What Do Lbf, Lb, and Lbm Really Mean in American Units?

In summary, the American system uses the pound mass as a unit of force while the metric system uses the kilogram as the unit of mass.
  • #1
Redoctober
48
1
Ok i am too confused with these american units. I have a couple of questions about them

Q1) Is lbf a force. Is lbm a mass. If yh does it mean 1 lbm = 32.174 lbf.

Q2) Is lb equal to lbm or lbf.

Q3) Is lbs equal to lb or lbm or lbf.

Q4) Let's say 1 lbm = 32.174 lbf. and from many sources i found that 1 lbf = 4.44822 N and 1 lbm = 0.45359 Kg.

So let's try this.

1 lbm ---> 0.45359 kg

0.45359*g = 0.45359*(9.81) = 4.4497 N

then using conversion 4.4497 N = 1 lbf !

Wow we proved 1 lbf = 1 lbm. ??! Does it mean 1 lbm = 1 lbf and not 1 lbm = 32.174 lbf. ??

What is going on here.Is the mass and force same in the American system.
 
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  • #2
Redoctober said:
Q1) Is lbf a force. Is lbm a mass. If yh does it mean 1 lbm = 32.174 lbf.
Yes. Yes. No.
Redoctober said:
Q2) Is lb equal to lbm or lbf.
lb. = lbf., the force exerted by 1 lbm. at the Earth's surface.
Redoctober said:
Q3) Is lbs equal to lb or lbm or lbf.
lbs. is plural of lb. which is lbf. or lbm.

Now, try the rest of the exercise again.
 
  • #3
So if I say a car is 1 lbm and is accelerating by 5 ft/s^2.

Then force is 5 lbm ft/s^2..

Is there a label to this unit ? Something that symbolise Force. Then what's the force in lbf .. 0.155 lbf ?
 
  • #4
Redoctober said:
Then force is 5 lbm ft/s^2..
F = ma, yes, had to think about that for a minute. English units are peculiar.
Redoctober said:
Then what's the force in lbf .. 0.155 lbf ?
Looks about right for 5/32, I'll trust your math.
 
  • #5
Imperial units may appear strange to the uninformed, but they are no more peculiar than SI units may appear to those similarly ignorant of their meaning.

The pound mass, abbreviated lbm, is a unit of mass which is defined as 0.453 592 37 kilogram.

http://en.wikipedia.org/wiki/Pound_(mass)

The pound force unit, abbreviated lbf or simply lb, is a unit of force equal to that exerted by one pound mass under the gravitational acceleration at the Earth's surface.

http://en.wikipedia.org/wiki/Pound_(force)

As such, 1 lbf = 0.453 592 37 kg * 9.80665 m/s2 = 4.44822162 N

There is also a unit of mass called the slug, defined as the mass which exerts a force of 32.174 049 lbs under the gravitational acceleration at the Earth's surface.

http://en.wikipedia.org/wiki/Slug_(mass)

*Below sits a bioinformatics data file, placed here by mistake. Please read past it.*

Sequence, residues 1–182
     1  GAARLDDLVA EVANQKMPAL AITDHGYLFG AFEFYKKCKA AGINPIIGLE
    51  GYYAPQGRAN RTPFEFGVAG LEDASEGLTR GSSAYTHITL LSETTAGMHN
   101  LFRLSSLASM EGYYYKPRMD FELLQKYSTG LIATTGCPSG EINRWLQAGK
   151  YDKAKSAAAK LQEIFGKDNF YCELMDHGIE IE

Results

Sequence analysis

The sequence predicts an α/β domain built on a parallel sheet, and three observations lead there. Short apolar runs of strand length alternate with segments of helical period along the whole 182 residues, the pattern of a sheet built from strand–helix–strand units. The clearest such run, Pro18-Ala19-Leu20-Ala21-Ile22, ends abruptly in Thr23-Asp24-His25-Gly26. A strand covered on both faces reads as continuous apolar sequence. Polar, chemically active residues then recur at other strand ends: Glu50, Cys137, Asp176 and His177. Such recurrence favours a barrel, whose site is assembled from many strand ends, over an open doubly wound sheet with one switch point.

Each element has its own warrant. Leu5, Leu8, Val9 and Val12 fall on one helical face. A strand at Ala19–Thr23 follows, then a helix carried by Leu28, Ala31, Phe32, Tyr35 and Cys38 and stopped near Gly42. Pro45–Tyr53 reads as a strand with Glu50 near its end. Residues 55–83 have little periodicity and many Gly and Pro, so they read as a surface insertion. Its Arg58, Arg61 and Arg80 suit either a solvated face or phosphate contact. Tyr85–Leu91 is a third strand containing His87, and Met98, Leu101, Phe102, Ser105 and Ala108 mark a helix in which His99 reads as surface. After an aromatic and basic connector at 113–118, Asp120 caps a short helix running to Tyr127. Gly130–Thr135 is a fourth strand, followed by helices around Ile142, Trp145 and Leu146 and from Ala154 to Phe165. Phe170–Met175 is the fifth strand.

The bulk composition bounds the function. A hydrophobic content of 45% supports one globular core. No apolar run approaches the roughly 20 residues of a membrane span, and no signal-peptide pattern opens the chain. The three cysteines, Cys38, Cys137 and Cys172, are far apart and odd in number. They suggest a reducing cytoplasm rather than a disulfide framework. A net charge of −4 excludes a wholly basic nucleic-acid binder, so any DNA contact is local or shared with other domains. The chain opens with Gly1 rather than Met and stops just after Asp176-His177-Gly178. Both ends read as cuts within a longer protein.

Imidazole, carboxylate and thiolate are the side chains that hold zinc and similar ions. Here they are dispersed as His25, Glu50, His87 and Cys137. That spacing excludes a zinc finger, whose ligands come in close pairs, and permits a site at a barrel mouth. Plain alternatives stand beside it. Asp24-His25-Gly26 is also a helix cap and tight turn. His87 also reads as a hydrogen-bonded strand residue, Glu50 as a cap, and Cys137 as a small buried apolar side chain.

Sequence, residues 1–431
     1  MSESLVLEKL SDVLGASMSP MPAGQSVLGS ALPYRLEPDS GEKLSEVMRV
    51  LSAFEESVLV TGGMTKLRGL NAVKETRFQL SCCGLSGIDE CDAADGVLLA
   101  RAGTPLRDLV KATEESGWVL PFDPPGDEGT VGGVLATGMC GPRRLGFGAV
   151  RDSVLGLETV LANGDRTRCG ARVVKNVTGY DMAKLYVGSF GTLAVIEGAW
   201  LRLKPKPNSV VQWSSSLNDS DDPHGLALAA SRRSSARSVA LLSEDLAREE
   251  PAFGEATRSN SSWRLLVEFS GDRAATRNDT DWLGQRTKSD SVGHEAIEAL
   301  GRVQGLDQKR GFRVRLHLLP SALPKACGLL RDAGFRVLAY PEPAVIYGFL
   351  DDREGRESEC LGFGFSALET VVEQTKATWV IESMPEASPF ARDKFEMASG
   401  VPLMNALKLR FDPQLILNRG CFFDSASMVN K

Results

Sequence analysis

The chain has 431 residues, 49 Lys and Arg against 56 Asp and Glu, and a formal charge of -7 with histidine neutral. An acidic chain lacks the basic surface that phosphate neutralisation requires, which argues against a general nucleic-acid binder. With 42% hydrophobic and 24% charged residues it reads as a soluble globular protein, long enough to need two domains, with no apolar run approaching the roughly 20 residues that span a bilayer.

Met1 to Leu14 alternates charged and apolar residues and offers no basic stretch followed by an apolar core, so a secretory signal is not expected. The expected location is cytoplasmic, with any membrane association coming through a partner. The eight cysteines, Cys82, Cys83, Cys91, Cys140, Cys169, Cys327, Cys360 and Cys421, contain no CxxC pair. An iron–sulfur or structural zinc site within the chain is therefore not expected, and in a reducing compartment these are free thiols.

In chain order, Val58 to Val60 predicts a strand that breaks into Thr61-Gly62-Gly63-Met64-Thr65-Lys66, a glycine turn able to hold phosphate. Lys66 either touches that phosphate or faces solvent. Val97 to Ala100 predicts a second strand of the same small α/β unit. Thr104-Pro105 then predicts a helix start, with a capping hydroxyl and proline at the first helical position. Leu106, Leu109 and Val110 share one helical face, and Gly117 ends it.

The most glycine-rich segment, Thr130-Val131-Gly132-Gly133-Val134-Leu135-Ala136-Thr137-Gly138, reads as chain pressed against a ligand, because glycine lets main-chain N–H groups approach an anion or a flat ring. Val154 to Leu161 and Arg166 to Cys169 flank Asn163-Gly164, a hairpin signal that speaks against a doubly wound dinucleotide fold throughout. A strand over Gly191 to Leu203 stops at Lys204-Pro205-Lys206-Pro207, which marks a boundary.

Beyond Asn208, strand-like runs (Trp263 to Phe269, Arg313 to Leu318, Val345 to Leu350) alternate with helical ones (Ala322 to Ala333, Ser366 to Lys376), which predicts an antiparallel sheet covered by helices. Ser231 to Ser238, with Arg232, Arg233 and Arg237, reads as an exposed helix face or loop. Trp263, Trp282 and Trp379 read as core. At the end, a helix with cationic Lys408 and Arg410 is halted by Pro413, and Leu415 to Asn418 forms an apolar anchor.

Therefore, 1 slug = 32.174 049 lbm

If it isn't already obvious, g = 9.80665 m/s2 = 32.174 049 ft/s2 at the Earth's surface
 
  • #6
1 lbm is the unit of mass typically used in american system.

1 lbf is the unit of force employed in american system. 1 lbf is equal to the force exerted by gravity on 1 lbm at the Earth's surface.

There is an equation for getting the net force F (lbf) on an object of mass m (lbm) when it experiences an acceleration a (ft/s2). This is the american system version of Newton's second law:

[tex]F=m \frac{a}{g_c}[/tex]

where gc=32.2 ##\frac{lb_f}{lb_m}\frac{ft}{s^2}##

So, if a = 32.2 ft/s2 and m = 1 lbm, F = 1 lbf
 
  • #7
Yes the american system can be confusing but it does simplify certain calculatons. For example, if I carry a 20 pound box of nails up a ten foot ladder, I have done ... 200 ft-pounds of work on the box. The assumption, of course, is that I'm doing this in New York or Paris or Shanghai; it doesn't work out if I'm on the Moon or Mars.

I don't know if this helps or not (it helps me): if you push on a one lbm object with a one lbf force, it accelerates at ...32.2 ft/sec/sec

Compare to SI units, where, if you push on one kg mass with one N force, it accelerates at ... 1.0 m/sec/sec
 
  • #8
I never heard of any of those imperial things like Newtons until joining PF, and I still don't know what they mean. That's odd, because we used imperial units for volume and distance before going metric a few decades back. (Even that gets me once in a while in real life. I have no problem thinking in km/h now, but I still figure gas mileage in miles/gallon rather than l/100km.)
 
  • #9
Redoctober said:
Then force is 5 lbm ft/s^2..

Is there a label to this unit ? Something that symbolise Force. Then what's the force in lbf .. 0.155 lbf ?

The "poundal" is a name for the unit of force equal to 1 pound mass times 1 foot per second per second.

If you don't want a "k" in your f=ma formula, you can use poundals, pounds(mass) and feet per second squared. Or pounds(force), slugs and feet per second squared. If you are willing to tolerate the k then you can use pounds(force), pounds(mass), feet per second squared with a conversion factor for the standard acceleration of gravity.
 
  • #10
In american high schools, The mass is inserted to the F=ma as slugs ?! ... Its cruical because in Aerospace Eng. Variables such as the Dynamic head ## \frac{1}{2} \rho V^2 ## which is typcally used in non-dimensional analysis in Lift... If in american system, Lift is in lbf which is pretty much like lbm. And if normalized with the dyanimc head which would be poundal/ft^2 and some reference area ## \frac{L}{QS_{ref}} ## .. Then if i used lbm in the mass for the dynamic head, it would cause disasters..

So in general is the mass subsituted as slugs in general kinetics equations ??
 
  • #11